The Portland Village School is a holistic, arts-integrated, K-8 school which synthesizes Waldorf methods with other best practices. This educational approach does not otherwise exist within the Portland Public School System. At its core, the Portland Village School strives to become a learning community committed to the learning process and development of each child’s greatest potential.
The Portland Village School bases its program on three specific principles of education: (1) Subject Integration, (2) Teaching to the Whole Child, and (3) Children as Broad Capability Learners.
Our educational approach is multidisciplinary, centered around a 3-4 week subject unit called the Main Lesson Block. At Portland Village School, academic studies are integrated across disciplines such as art, science, math, and history. For example, students in a seventh grade main lesson history block on the Renaissance Period may be studying the lives and times of Da Vinci, Michelangelo and Rafael, while at the same time creating their own "text-books," complete with their own writings (in calligraphy) and drawings. Earlier in the day they might practice 3-part recorder music and recite poetry from the Renaissance, and later the same day, study the laws of perspective in Math class. The next day they would apply those laws in their own drawings or paintings.
Teaching to the Whole Child
Waldorf methods emphasize understanding the 3-fold nature of the human being as a seminal idea in teaching. These ideas are now being supported by the most contemporary research in the learning sciences. An education which addresses the head (cognitive), heart (affective), and hands (behavioral) is essential. The cognitive approach, so often emphasized in schools today, simply falls short in meeting the broader needs of diverse groups of students. Not all children can be successful learners with a cognitive approach, and—more importantly—such an approach ignores other aspects of the child. By acknowledging and directly teaching to these other aspects, we support the growth and development of the whole child. By nurturing the affective and behavioral development of the child we are actually harnessing, complementing, and enhancing the child's cognitive growth.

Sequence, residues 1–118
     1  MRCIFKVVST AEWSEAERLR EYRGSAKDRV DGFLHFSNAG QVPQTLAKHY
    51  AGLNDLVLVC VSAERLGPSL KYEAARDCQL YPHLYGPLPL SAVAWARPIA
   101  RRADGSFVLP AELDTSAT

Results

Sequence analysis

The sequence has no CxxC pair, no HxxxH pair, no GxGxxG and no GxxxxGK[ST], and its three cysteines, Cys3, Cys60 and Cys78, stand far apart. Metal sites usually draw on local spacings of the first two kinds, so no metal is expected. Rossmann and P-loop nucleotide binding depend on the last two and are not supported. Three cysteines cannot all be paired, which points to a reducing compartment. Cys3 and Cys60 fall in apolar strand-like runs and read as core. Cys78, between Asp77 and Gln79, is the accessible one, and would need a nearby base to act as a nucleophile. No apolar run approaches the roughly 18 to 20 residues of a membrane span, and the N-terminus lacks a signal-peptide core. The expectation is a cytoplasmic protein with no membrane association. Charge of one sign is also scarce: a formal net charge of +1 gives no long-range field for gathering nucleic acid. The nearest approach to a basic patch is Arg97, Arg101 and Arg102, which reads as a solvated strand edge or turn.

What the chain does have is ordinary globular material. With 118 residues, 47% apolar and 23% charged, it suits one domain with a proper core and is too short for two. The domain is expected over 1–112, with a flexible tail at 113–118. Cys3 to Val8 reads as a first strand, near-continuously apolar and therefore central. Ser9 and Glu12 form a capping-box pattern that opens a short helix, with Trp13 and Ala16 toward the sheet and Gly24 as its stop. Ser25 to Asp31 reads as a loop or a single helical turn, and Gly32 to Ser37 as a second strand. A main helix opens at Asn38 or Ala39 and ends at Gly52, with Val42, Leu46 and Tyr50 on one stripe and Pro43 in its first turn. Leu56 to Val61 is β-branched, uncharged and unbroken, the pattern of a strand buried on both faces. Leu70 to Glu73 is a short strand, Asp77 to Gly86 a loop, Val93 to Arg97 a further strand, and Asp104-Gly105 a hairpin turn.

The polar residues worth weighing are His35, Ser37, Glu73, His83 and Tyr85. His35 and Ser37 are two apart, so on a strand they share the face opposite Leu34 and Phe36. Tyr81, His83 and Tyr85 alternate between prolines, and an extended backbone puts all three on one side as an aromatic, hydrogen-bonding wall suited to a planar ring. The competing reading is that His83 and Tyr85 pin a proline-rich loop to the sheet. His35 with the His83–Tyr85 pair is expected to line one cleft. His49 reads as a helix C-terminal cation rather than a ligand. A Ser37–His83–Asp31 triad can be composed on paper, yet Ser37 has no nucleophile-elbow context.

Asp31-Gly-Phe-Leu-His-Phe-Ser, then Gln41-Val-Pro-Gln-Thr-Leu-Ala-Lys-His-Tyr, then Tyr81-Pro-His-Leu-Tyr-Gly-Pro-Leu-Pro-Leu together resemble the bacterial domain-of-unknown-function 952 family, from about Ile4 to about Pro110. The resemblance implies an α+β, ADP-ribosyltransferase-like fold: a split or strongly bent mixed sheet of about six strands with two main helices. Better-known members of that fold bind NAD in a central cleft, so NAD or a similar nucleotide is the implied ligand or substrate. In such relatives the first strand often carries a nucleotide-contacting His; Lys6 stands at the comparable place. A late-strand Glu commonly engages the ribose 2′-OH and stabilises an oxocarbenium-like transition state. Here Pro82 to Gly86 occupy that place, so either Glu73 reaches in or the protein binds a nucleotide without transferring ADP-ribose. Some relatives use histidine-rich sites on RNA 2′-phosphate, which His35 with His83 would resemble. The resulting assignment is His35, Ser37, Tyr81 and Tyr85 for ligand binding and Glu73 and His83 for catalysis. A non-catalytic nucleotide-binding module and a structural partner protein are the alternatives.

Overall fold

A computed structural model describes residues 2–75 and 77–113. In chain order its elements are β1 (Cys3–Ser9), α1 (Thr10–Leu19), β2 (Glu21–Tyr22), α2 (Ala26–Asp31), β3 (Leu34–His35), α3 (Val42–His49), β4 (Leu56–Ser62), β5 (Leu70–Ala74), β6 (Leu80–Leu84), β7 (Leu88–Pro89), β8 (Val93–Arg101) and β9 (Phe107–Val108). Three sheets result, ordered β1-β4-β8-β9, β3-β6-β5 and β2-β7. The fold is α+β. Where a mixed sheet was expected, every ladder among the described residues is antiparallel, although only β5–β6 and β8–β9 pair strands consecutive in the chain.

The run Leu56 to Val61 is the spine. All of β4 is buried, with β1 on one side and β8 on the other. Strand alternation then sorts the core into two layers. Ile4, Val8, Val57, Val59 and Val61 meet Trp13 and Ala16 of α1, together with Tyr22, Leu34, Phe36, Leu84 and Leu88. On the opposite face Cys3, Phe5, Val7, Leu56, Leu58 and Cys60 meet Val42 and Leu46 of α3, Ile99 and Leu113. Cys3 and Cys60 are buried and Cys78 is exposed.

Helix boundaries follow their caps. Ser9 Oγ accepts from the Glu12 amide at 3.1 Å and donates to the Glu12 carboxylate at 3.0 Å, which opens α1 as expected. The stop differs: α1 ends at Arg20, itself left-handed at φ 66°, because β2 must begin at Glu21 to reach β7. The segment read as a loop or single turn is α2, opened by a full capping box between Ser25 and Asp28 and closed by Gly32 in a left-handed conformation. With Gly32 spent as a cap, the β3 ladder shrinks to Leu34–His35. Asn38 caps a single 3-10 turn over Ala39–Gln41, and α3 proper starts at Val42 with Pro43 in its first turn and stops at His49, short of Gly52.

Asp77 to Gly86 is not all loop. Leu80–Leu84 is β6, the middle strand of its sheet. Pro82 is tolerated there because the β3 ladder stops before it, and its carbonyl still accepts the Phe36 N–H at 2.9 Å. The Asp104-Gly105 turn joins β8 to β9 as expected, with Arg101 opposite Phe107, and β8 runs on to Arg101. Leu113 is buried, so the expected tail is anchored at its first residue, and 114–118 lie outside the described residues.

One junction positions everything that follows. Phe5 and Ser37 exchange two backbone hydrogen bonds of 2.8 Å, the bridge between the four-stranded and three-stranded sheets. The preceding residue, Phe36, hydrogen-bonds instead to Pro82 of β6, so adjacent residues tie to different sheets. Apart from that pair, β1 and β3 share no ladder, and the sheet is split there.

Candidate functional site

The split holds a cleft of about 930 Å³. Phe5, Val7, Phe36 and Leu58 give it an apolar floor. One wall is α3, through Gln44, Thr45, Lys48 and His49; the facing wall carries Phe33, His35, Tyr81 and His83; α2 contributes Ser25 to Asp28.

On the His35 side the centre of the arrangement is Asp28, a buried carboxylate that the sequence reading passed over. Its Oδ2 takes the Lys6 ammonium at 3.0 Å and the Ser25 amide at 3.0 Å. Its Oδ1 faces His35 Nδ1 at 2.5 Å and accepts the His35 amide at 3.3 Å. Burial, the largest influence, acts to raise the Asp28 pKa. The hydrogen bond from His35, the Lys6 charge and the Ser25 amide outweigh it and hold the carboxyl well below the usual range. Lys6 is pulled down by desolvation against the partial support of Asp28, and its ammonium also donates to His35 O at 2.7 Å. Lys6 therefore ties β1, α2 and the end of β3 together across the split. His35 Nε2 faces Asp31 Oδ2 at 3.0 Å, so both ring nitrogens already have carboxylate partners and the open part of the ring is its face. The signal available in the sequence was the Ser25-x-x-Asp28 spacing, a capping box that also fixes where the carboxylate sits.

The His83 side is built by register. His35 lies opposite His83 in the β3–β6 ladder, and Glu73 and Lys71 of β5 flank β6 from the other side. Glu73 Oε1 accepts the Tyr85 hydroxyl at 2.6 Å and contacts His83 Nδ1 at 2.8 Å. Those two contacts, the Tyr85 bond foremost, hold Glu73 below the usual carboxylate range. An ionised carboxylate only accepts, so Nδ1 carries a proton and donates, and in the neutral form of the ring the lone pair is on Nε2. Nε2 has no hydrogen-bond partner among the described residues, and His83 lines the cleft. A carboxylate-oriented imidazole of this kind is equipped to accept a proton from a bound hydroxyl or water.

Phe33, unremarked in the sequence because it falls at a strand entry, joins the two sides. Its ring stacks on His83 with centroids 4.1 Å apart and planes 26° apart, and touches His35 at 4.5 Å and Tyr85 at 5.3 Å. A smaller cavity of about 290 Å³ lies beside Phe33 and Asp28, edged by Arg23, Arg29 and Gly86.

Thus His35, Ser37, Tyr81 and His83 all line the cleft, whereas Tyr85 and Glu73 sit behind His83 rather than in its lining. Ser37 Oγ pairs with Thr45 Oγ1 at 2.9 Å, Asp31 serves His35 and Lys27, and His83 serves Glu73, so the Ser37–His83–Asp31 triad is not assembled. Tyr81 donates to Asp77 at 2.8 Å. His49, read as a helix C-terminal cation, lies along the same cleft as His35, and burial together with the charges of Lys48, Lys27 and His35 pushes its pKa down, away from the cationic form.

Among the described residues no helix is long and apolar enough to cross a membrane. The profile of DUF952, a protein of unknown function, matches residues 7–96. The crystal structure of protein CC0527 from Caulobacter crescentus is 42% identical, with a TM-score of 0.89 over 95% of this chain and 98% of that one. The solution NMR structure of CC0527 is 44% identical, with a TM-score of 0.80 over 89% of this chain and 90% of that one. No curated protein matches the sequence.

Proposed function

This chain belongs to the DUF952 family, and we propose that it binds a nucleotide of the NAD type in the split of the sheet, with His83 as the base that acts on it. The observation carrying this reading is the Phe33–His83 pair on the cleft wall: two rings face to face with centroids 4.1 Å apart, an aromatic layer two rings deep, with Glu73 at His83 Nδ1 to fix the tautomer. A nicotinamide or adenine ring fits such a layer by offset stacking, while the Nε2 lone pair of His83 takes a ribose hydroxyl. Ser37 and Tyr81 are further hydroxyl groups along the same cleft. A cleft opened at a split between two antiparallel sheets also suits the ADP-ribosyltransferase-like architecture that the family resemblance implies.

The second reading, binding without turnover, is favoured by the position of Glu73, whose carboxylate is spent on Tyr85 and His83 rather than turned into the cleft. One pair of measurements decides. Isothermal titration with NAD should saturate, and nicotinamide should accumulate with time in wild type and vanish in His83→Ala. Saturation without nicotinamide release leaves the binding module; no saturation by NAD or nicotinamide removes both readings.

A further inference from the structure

This method supports what most teachers and observers of human nature already know: people are gifted and challenged in diverse ways. Acknowledging this multi-faceted aspect of children, and using lesson plans which meet these diverse learning styles, is currently drawing strong interest from educators around the country. There is also increasing acceptance of the idea that children learn through their bodies as well as through their brains. Math skills, for instance, can be taught through rhythmical and coordinated group movement exercises, and counting practiced through cooking and knitting, while children's natural energy can be funneled into fun, challenging physical activities during Morning Movement, in preparation for a focused academic activity period. This integration of movement, music and drama is central to The Portland Village School’s holistic approach and places it at the forefront of current educational research and methodology.
Children as Broad Capability Learners